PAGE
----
Open Dartmouth: Faculty Open Access Scholarship

In the United States, health care technology has contributed to rising survival rates, yet health care spending relative to GDP has also grown more rapidly than in any other country. We develop a model of patient demand and supplier behavior to explain these parallel trends in technology growth and cost growth. We show that health care productivity depends on the heterogeneity of treatment effects across patients, the shape of the health production function, and the cost structure of procedures such as MRIs with high fixed costs and low marginal costs. The model implies a typology of medical technology productivity: (I ...


Forensic Economics, Eric Zitzewitz Sep 2012

Forensic Economics, Eric Zitzewitz

Open Dartmouth: Faculty Open Access Scholarship

A new meta-field of "forensic economics" has begun to emerge, uncovering evidence of hidden behavior in a variety of domains. Examples include teachers cheating on exams, road builders skimping on materials, violations of U.N. sanctions, unnecessary heart surgeries, and racial biases in employment decisions, traffic stops, auto retailing, and even sports judging. In each case, part of the contribution of economic analysis is in uncovering evidence of wrongdoing. Although research questions differ, forensic economic work shares commonalities in approaches and limitations. This article seeks to draw out the common threads, with the hope of stimulating further research across fields ...


The City Of Man, European Émigrés, And The Genesis Of Postwar Conservative Thought, Adi Gordon, Udi Greenberg Aug 2012

The City Of Man, European Émigrés, And The Genesis Of Postwar Conservative Thought, Adi Gordon, Udi Greenberg

Open Dartmouth: Faculty Open Access Scholarship

This article explores the forgotten manifesto The City of Man: A Declaration on World Democracy, which was composed in 1940 by a group of prominent American and European anti-isolationist intellectuals, including Thomas Mann, Reinhold Niebuhr, and Hermann Broch. Written in response to the victories of Nazi Germany, the manifesto declared that the United States had a new global responsibility not only to lead the war against fascism and Marxism, but also to establish a global order of peace and democracy under U.S. hegemony. Moreover, the authors of the manifesto claimed that such an order would have to be based ...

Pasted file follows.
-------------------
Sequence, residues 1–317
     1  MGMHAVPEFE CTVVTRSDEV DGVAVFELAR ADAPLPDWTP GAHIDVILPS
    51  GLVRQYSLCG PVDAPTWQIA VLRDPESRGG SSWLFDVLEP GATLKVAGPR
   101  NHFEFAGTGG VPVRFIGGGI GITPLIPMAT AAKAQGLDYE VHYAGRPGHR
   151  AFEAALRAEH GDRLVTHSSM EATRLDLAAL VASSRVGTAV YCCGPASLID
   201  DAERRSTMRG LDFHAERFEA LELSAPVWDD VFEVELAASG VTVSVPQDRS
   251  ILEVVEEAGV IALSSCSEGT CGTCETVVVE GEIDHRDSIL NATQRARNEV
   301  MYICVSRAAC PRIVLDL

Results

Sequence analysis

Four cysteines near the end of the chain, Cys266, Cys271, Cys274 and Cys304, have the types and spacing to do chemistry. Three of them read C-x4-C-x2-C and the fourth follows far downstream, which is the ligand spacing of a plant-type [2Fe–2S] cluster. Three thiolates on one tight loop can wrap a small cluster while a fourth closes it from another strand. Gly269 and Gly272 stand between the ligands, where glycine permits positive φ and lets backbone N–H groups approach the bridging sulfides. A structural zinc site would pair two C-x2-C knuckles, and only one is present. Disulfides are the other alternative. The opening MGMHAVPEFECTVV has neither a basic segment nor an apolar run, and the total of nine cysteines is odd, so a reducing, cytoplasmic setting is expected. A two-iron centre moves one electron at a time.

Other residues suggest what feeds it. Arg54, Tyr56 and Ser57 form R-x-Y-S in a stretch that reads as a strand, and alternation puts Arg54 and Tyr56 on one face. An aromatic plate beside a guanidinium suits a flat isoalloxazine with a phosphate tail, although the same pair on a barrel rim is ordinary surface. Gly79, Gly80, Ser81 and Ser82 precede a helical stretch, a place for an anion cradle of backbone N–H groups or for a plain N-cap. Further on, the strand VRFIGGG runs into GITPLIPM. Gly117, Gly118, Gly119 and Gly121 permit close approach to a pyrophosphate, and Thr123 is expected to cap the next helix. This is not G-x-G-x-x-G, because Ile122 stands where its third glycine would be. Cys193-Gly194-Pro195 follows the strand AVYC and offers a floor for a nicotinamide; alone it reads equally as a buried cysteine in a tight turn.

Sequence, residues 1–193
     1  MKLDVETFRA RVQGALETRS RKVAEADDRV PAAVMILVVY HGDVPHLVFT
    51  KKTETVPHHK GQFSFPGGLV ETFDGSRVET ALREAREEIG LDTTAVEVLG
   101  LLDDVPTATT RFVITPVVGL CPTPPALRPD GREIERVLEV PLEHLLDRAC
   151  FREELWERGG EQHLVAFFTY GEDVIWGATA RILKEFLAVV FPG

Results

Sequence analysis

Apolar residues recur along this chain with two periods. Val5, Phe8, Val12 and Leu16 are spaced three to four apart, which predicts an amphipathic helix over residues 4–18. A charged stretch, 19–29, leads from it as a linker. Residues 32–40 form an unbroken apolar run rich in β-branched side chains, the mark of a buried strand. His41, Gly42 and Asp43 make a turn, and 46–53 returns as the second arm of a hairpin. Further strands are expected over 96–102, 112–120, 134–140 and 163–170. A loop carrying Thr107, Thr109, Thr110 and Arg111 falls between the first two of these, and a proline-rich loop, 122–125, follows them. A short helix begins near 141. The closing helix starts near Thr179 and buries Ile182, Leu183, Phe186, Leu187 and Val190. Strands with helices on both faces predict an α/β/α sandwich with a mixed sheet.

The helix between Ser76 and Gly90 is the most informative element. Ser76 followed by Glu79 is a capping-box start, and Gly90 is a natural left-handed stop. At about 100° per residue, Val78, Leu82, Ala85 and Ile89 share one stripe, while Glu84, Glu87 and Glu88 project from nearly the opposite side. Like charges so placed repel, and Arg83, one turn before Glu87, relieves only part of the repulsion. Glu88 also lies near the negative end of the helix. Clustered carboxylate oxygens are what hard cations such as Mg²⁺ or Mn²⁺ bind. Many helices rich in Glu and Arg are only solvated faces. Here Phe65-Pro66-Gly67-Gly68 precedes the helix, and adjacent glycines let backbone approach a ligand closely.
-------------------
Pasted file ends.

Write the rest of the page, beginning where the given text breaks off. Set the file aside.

Cracks In The Melting Pot: Immigration, School Choice, And Segregation, Elizabeth U U. Cascio, Ethan G. Lewis Aug 2012

Cracks In The Melting Pot: Immigration, School Choice, And Segregation, Elizabeth U U. Cascio, Ethan G. Lewis

Open Dartmouth: Faculty Open Access Scholarship

We examine whether low-skilled immigration to the United States has contributed to immigrants' residential isolation by reducing native demand for public schools. We address endogeneity in school demographics using established Mexican settlement patterns in California and use a comparison group to account for immigration's broader effects. We estimate that between 1970 and 2000, the average California school district lost more than 14 non-Hispanic households with children to other districts in its metropolitan area for every 10 additional households enrolling low-English Hispanics in its public schools. By disproportionately isolating children, the native reaction to immigration may have longer-run consequences than ...


Multivoxel Patterns In Face-Sensitive Temporal Regions Reveal An Encoding Schema Based On Detecting Life In A Face, Christine E. Looser, Jyothi S. Guntupalli, Thalia Wheatley Jul 2012

Multivoxel Patterns In Face-Sensitive Temporal Regions Reveal An Encoding Schema Based On Detecting Life In A Face, Christine E. Looser, Jyothi S. Guntupalli, Thalia Wheatley

Open Dartmouth: Faculty Open Access Scholarship

More than a decade of research has demonstrated that faces evoke prioritized processing in a ‘core face network’ of three brain regions. However, whether these regions prioritize the detection of global facial form (shared by humans and mannequins) or the detection of life in a face has remained unclear. Here, we dissociate form-based and animacy-based encoding of faces by using animate and inanimate faces with human form (humans, mannequins) and dog form (real dogs, toy dogs). We used multivariate pattern analysis of BOLD responses to uncover the representational similarity space for each area in the core face network. Here, we ...


Sweetening The Deal? Political Connections And Sugar Mills In India, Sandip Sukhtankar Jul 2012

Sweetening The Deal? Political Connections And Sugar Mills In India, Sandip Sukhtankar

Open Dartmouth: Faculty Open Access Scholarship